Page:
Generally speaking, dark overlays light as to color (darker skin, eyes, hair over lighter) and size tends toward an average between that of the mother and the father (adjusted for gender, of course). The IQ will seldom vary far from an average of the parents, barring genetic abnormalities such as Down's syndrome. Genius occasionally occurs with no explanation of which I am aware.

 

If someone has already said this, bear with me. It will take a few days to catch up here.

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I have been in the front row of the audience of racism and I have seen and heard everyone talk junk about anyone they thought was less than "white" so don't think for a minute that worrying about the race of a baby of white and black parents is anything other than race. The assumption the baby would have to be one or the other reveals a racist attitude.

This thread is about the biological mechanisms which determine pigmentation in human offspring. ALL human offspring.

 

Please refrain from attributing spurious motives to the discussion.

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This is my first post, and this is the dumbest question I have heard all day. Interesting discussion for the most part. I personally think that the three race thing is incorrect. It feels like it divides humans into species or something. Right now they are all sorts of overlaped (human evolution). Besides, who knows? Mabey thousands of years ago there were more than 3 "species". I've also noticed that as the years go by I keep getting darker. It has nothing to do with my intake of sunlight either.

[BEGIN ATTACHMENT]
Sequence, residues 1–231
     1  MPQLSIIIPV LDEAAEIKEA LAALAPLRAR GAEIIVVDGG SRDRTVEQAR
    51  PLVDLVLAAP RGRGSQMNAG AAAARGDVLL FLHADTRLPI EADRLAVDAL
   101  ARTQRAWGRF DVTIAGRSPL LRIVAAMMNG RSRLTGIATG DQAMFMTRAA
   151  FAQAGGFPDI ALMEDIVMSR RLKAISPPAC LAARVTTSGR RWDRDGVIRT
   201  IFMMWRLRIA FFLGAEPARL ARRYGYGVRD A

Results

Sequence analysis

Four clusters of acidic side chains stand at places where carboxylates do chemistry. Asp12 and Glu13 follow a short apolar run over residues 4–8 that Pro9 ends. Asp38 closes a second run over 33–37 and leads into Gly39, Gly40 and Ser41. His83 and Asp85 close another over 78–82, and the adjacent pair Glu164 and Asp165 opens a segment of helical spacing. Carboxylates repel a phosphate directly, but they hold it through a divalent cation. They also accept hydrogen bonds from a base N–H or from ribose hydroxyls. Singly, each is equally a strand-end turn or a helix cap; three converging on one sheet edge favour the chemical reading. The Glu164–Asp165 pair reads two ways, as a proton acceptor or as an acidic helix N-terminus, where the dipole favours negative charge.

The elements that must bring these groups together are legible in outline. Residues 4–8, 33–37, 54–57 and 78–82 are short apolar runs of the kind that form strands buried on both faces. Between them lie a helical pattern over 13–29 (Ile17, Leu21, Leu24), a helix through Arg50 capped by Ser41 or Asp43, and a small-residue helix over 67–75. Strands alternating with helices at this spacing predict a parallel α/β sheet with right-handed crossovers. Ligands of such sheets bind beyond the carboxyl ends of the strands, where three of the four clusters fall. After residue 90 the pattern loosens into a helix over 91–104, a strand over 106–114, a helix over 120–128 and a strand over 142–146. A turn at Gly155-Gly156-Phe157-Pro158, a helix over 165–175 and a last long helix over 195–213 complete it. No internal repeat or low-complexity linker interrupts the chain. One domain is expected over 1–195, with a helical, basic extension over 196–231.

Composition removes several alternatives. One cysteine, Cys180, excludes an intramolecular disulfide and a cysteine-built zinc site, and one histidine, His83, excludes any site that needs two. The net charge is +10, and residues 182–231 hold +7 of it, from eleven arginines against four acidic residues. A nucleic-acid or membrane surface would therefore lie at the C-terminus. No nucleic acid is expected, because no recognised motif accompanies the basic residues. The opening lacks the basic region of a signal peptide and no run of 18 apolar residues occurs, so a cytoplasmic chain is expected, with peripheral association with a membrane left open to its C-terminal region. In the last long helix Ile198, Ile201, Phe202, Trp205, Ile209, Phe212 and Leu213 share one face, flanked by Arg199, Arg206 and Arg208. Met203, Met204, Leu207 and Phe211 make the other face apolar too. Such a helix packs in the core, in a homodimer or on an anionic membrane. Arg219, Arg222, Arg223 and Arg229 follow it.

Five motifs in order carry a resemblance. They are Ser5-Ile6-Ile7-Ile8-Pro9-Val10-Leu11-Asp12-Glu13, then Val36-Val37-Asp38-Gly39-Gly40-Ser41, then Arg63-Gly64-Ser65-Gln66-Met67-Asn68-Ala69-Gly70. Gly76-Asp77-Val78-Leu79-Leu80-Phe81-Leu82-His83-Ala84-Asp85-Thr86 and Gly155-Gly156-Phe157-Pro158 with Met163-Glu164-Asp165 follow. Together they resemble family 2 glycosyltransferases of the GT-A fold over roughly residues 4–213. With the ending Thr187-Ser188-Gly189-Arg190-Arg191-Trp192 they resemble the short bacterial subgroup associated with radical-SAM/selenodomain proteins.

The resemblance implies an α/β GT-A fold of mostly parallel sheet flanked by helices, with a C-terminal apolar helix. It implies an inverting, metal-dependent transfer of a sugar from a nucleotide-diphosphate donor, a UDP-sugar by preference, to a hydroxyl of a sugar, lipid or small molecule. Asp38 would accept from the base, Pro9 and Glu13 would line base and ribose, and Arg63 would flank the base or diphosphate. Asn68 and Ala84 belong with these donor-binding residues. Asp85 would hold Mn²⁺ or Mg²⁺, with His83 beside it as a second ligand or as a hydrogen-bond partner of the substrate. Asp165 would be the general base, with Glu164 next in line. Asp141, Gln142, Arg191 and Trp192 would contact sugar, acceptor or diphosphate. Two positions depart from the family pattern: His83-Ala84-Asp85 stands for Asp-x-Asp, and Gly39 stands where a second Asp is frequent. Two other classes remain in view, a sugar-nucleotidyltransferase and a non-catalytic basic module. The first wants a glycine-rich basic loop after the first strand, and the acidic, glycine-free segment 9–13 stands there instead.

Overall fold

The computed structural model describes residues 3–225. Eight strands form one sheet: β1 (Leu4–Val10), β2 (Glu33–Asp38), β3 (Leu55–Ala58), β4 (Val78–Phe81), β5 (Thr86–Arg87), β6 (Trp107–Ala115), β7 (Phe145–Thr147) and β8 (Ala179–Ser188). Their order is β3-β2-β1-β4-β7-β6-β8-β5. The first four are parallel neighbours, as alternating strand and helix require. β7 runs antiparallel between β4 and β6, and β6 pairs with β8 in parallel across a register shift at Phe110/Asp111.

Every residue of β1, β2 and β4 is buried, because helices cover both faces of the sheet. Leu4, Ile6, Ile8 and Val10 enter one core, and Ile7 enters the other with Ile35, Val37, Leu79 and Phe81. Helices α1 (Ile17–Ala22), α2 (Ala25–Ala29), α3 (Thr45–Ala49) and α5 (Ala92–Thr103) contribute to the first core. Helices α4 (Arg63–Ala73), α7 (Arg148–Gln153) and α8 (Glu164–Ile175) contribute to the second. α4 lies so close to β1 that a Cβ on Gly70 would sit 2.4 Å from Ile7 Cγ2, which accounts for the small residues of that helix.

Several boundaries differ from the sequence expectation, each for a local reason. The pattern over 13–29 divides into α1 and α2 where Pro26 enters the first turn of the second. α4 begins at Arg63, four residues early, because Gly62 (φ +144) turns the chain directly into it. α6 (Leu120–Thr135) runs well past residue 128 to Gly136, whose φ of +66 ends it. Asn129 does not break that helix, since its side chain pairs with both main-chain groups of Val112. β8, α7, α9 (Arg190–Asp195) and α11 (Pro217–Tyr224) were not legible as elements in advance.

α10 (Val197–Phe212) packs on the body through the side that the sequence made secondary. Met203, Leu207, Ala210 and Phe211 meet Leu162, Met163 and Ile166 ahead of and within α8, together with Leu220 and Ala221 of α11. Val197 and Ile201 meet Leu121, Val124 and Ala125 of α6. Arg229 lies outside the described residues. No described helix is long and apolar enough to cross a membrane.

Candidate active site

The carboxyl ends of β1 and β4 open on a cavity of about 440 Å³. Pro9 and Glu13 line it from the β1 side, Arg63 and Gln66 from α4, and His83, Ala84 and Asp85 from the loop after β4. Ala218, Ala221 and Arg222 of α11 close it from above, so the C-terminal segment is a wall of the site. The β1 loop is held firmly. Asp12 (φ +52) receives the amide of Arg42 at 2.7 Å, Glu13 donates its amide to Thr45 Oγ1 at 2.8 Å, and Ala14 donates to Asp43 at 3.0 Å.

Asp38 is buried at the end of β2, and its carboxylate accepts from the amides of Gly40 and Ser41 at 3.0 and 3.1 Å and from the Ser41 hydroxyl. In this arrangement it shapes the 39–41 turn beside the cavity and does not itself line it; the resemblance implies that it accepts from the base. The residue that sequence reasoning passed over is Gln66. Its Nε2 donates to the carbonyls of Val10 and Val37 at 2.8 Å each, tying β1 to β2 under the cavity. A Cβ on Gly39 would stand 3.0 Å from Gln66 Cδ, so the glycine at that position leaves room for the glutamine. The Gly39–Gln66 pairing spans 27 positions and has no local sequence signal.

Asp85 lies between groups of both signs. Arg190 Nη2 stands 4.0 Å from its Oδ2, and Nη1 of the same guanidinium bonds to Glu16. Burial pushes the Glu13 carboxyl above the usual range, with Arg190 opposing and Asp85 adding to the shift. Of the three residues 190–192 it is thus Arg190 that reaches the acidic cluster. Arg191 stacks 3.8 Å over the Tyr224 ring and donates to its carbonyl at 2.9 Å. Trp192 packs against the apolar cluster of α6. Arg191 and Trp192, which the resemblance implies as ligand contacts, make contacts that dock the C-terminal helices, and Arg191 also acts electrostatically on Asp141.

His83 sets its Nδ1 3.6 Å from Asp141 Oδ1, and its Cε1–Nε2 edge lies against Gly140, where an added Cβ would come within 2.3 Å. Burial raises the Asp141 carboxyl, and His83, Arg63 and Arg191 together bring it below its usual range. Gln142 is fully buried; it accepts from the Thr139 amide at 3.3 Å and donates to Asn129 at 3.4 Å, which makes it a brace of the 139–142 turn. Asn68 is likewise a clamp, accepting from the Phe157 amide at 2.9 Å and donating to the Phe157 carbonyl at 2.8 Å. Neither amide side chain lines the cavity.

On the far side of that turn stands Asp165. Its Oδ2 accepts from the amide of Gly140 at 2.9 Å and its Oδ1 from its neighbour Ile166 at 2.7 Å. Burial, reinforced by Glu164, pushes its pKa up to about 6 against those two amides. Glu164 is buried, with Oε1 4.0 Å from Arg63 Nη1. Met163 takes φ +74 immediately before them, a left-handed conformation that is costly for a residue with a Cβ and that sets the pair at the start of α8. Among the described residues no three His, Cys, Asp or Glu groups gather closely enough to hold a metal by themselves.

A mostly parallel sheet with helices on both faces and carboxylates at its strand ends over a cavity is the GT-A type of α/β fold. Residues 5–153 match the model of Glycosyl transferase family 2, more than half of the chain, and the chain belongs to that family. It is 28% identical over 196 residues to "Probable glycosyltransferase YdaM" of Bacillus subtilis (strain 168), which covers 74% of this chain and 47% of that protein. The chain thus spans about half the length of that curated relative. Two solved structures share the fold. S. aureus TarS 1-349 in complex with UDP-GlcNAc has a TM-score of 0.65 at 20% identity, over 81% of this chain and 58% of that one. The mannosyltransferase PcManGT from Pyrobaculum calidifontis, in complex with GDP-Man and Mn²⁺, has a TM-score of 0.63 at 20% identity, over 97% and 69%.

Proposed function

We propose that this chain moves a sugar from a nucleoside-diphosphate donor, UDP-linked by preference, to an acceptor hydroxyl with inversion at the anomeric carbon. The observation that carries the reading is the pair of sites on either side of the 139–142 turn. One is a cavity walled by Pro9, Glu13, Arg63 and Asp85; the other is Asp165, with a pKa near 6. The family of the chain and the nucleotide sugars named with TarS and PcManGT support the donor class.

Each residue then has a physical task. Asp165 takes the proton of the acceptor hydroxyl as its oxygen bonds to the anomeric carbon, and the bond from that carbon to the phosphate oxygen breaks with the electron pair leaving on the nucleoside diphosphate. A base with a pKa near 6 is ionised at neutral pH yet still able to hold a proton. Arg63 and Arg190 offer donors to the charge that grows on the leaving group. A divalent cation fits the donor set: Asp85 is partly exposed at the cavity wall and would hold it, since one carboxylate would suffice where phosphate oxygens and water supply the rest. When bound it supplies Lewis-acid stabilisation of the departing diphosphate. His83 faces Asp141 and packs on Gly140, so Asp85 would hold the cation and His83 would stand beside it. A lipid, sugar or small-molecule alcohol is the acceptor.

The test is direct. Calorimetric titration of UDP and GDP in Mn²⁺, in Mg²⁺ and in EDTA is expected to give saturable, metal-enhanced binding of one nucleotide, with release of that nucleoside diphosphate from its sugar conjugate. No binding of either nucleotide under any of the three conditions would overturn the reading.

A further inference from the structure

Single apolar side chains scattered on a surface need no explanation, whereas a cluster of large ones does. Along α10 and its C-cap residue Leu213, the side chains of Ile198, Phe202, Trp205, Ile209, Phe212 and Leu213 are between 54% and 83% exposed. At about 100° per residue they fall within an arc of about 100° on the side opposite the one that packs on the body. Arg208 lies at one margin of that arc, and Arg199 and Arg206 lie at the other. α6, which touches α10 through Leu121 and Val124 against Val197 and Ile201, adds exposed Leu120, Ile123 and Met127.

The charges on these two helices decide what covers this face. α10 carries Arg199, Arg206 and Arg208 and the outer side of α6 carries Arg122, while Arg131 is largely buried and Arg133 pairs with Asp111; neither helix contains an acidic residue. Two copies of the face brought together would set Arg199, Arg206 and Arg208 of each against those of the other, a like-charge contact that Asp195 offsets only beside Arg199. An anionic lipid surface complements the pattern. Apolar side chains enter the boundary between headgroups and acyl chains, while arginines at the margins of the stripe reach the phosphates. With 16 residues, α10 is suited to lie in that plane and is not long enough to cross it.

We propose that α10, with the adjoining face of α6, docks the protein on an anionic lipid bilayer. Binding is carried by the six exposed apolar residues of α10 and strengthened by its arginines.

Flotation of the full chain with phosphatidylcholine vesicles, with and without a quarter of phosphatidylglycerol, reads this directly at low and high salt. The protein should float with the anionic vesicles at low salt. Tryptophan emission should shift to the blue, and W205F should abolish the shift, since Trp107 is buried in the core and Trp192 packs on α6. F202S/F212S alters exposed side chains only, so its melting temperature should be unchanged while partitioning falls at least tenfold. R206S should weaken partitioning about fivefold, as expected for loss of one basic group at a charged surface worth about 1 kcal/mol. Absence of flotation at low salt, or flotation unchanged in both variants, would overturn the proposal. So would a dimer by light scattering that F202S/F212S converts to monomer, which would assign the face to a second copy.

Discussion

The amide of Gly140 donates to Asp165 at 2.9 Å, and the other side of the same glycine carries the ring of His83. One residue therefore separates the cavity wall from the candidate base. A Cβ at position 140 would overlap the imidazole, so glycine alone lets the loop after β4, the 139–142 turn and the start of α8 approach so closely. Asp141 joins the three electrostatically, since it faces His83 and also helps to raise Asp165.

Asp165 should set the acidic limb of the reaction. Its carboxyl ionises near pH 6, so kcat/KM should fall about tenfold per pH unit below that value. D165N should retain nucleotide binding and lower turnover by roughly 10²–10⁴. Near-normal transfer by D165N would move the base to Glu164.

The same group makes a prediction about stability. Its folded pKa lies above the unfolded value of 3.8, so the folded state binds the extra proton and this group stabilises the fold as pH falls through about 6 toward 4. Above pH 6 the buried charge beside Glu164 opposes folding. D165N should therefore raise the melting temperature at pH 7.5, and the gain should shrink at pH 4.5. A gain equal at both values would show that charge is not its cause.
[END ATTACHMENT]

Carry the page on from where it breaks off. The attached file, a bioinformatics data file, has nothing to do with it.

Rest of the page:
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To date, those distinctions are more or less arbitrary. In theory one could try to define it properly, e.g. utilizing whole genome information instead of just picking out specific traits. This however, would still require an enormous amount of money (for sequencing as well as the computational part). With the decline of sequencing costs on next-gen systems (around 10-20k to sequence a smallish prokaryotic genome), it may still happen in our lifetime.